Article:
European Union Brexit negotiator Michel Barnier has drawn the battle lines for upcoming free trade talks with the UK if it leaves the bloc and warned Britain not to undercut EU standards.
Barnier said the trade talks if Britain leaves on 31 January might be as tough as the long-running Brexit divorce negotiations, which have consumed much of the last three years.
He said whatever trade agreement emerges, it will cost UK businesses, since they would now be outside the 28-nation bloc.
Currently, there is seamless trade and zero tariffs under common regulations since the UK is part of the EU and has unfettered access to a market of almost half a billion consumers.
With its Brexit departure, the UK hopes to maintain as much access as possible to that wealthy market while at the same time being free to revamp its whole economy, unshackled from EU rules and regulations.
Barnier’s message was clear: there is no way that will happen.
In the EU, there are fears that Britain will transform itself into a low-regulation economy that would undercut stringent EU social, environmental and other standards.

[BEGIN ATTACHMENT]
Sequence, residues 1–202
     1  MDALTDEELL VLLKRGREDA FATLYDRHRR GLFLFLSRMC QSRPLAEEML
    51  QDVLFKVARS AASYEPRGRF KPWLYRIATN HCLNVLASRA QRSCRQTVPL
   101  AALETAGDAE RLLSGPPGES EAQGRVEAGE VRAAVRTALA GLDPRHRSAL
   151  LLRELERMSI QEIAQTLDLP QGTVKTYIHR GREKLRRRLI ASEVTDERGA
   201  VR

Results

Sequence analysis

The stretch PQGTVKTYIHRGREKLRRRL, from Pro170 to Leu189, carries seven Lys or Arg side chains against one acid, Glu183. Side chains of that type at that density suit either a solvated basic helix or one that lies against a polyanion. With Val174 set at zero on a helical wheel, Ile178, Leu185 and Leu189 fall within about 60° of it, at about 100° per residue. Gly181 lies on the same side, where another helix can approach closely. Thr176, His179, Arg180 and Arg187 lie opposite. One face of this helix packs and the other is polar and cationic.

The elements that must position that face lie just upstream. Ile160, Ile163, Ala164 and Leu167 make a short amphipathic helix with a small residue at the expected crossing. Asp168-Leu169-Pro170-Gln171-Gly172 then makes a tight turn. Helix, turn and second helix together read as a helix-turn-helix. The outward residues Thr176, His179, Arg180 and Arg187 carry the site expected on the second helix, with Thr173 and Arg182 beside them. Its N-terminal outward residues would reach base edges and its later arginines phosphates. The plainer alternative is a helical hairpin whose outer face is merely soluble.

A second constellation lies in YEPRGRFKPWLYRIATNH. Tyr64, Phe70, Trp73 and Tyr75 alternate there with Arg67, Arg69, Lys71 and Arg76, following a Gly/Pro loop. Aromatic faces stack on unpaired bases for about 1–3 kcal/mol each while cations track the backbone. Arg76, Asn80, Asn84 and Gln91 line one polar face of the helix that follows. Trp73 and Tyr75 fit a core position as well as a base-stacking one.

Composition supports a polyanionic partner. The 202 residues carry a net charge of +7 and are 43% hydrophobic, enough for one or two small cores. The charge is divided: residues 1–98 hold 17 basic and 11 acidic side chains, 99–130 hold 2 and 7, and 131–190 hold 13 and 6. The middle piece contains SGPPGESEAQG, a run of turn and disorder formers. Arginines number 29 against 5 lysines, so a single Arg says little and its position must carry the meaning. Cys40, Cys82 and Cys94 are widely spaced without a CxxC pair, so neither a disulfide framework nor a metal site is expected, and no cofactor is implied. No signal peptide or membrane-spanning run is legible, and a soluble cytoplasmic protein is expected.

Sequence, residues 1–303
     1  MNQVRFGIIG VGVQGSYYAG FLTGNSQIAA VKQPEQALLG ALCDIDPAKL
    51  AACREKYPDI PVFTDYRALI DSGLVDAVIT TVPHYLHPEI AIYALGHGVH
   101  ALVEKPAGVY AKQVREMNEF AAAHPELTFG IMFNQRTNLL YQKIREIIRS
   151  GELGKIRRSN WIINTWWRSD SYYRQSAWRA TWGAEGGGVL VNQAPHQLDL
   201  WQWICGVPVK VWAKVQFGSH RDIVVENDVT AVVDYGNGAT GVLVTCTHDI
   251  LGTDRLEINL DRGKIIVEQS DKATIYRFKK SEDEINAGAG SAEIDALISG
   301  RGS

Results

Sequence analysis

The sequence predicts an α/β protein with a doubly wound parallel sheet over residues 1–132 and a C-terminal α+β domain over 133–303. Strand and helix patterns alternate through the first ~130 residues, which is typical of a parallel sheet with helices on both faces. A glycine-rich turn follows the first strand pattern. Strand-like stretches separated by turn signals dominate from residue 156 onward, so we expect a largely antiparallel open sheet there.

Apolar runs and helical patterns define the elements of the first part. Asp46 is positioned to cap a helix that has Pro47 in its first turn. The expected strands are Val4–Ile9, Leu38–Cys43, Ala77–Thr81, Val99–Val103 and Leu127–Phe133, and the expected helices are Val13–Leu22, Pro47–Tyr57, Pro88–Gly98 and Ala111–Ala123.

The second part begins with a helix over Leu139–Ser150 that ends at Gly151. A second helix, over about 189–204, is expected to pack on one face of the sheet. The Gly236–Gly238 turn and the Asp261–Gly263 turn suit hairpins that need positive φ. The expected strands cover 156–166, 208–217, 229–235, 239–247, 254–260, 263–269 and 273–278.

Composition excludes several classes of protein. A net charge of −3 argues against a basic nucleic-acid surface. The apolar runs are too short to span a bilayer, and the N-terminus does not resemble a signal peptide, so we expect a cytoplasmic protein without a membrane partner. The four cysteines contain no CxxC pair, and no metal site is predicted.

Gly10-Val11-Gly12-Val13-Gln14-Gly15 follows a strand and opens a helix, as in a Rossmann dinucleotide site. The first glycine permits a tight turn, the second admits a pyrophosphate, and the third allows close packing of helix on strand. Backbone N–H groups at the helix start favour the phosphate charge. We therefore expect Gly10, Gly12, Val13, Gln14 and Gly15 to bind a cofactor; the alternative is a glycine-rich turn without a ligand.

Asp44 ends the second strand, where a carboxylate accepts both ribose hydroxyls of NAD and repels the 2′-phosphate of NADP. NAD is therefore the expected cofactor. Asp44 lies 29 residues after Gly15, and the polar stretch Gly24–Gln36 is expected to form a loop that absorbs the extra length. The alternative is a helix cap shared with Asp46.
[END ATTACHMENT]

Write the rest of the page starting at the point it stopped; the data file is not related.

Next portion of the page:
Barnier warned: “the UK should not think that zero tariffs, zero quotas will be enough.
“The EU will insist on zero tariffs, zero quotas and zero dumping.”
“There will be more economic competition, OK, between the EU and the UK, and that is normal. But the EU will not tolerate unfair competitive advantage,” he warned at the Web Summit in Lisbon.
Boris Johnson has insisted he wants a “best-in-class” free trade agreement, which comes down to the best trade deal that still allows the UK to diverge from EU standards, and potentially head to a US-style low regulation economy.
The EU definition of “best” is different, Barnier said.
“For us, it means a free trade agreement whose aim is not only economic and financial profit with zero tariffs and zero quotas but which is also in the interest of the people, their environmental and living standards,” he said.
Current plans call for Britain to leave the bloc on 31 January and end a transitional trade period as soon as the end of 2020.
Considering that major international trade deals can often take over half a decade to clinch, that seems a precipitously short time.
Barnier told the Web Summit that by next summer, it will be clear if the Brexit trade transition period will have to be extended beyond the end of next year.
Since you're here ...
We know you don't need a lecture. You wouldn't be here if you didn't care.
Now, more than ever, we need your help to challenge the rightwing press and hold power to account. Please help us survive and thrive.